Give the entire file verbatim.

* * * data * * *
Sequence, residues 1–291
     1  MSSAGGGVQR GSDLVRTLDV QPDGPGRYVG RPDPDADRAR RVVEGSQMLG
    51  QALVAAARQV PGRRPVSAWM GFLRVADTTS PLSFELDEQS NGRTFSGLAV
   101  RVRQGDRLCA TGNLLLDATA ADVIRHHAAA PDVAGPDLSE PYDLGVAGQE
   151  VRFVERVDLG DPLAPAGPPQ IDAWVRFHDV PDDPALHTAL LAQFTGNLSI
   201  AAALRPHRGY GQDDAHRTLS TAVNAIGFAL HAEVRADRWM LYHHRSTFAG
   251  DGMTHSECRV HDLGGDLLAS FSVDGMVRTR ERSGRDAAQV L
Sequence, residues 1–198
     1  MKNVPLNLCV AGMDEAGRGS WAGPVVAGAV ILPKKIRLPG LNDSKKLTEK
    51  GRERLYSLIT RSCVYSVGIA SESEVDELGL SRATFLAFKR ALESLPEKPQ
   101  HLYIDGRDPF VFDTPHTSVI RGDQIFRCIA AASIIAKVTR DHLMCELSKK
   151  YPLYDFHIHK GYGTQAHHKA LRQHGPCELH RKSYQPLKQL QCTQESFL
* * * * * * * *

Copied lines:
Sequence, residues 1–291
     1  MSSAGGGVQR GSDLVRTLDV QPDGPGRYVG RPDPDADRAR RVVEGSQMLG
    51  QALVAAARQV PGRRPVSAWM GFLRVADTTS PLSFELDEQS NGRTFSGLAV
   101  RVRQGDRLCA TGNLLLDATA ADVIRHHAAA PDVAGPDLSE PYDLGVAGQE
   151  VRFVERVDLG DPLAPAGPPQ IDAWVRFHDV PDDPALHTAL LAQFTGNLSI
   201  AAALRPHRGY GQDDAHRTLS TAVNAIGFAL HAEVRADRWM LYHHRSTFAG
   251  DGMTHSECRV HDLGGDLLAS FSVDGMVRTR ERSGRDAAQV L
Sequence, residues 1–198
     1  MKNVPLNLCV AGMDEAGRGS WAGPVVAGAV ILPKKIRLPG LNDSKKLTEK
    51  GRERLYSLIT RSCVYSVGIA SESEVDELGL SRATFLAFKR ALESLPEKPQ
   101  HLYIDGRDPF VFDTPHTSVI RGDQIFRCIA AASIIAKVTR DHLMCELSKK
   151  YPLYDFHIHK GYGTQAHHKA LRQHGPCELH RKSYQPLKQL QCTQESFL